Does your horse have a greasy coat? Time to investigate

A greasy coat is more than just a grooming challenge. Here are the possible causes and what you can do about them.

A horse’s thick winter coat is difficult enough to keep clean, but the challenge is even greater when a heavy coat is also greasy.

A combination of skin oils and grime can make a horse’s coat greasy during the winter.

Usually you’ll find greasy winter coats on older or ill horses. Caused by a combination of skin oils and grime, a greasy coat may signal pituitary pars intermedia dysfunction (PPID). An endocrine disorder, PPID can cause a horse’s coat to grow particularly long and be slow to shed. If your horse develops a greasy coat, have him tested for PPID. Even if you know your horse has PPID, still check in with your veterinarian—it may be time to adjust medication levels to ensure that the condition is under control.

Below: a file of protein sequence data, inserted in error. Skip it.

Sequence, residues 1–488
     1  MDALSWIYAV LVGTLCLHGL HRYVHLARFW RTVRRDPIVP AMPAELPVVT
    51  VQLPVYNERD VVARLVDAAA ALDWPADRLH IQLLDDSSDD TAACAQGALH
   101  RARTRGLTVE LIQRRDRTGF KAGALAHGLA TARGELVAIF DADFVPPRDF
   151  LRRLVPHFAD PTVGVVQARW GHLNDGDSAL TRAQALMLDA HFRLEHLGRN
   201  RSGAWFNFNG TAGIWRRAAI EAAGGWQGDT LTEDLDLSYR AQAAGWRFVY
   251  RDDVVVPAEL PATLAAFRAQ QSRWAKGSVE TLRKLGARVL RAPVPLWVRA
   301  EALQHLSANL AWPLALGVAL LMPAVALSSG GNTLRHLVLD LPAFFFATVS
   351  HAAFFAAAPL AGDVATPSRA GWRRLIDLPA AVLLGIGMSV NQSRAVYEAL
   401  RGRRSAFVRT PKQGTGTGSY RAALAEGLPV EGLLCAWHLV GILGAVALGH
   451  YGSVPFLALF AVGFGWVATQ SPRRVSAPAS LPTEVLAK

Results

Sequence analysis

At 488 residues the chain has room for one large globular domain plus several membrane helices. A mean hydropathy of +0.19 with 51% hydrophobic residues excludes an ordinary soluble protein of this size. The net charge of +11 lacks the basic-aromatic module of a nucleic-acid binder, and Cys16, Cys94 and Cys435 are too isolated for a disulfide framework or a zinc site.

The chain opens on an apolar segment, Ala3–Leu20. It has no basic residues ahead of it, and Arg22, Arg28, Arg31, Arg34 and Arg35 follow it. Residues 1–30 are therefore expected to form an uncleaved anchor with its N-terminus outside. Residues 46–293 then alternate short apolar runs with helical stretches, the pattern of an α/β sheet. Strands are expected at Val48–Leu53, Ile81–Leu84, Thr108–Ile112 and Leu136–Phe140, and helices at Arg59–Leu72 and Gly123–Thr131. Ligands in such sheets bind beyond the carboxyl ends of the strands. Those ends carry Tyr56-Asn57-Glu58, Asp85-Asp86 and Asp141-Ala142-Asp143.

When a horse doesn’t have PPID but his coat is greasy, investigate other possible systemic causes. Poor diet can contribute to a greasy coat. Make sure your horse’s ration meets his nutritional needs and he is eating enough forage. A dental exam can ensure that the horse can adequately chew his meals.

After ruling out systemic illness and poor nutrition, review the horse’s blanketing and grooming routine. Blankets can hide a greasy coat. A winter blanket left on for long periods of time, can lead to a build-up of grime. Even if he is retired or rarely ridden, groom him regularly.

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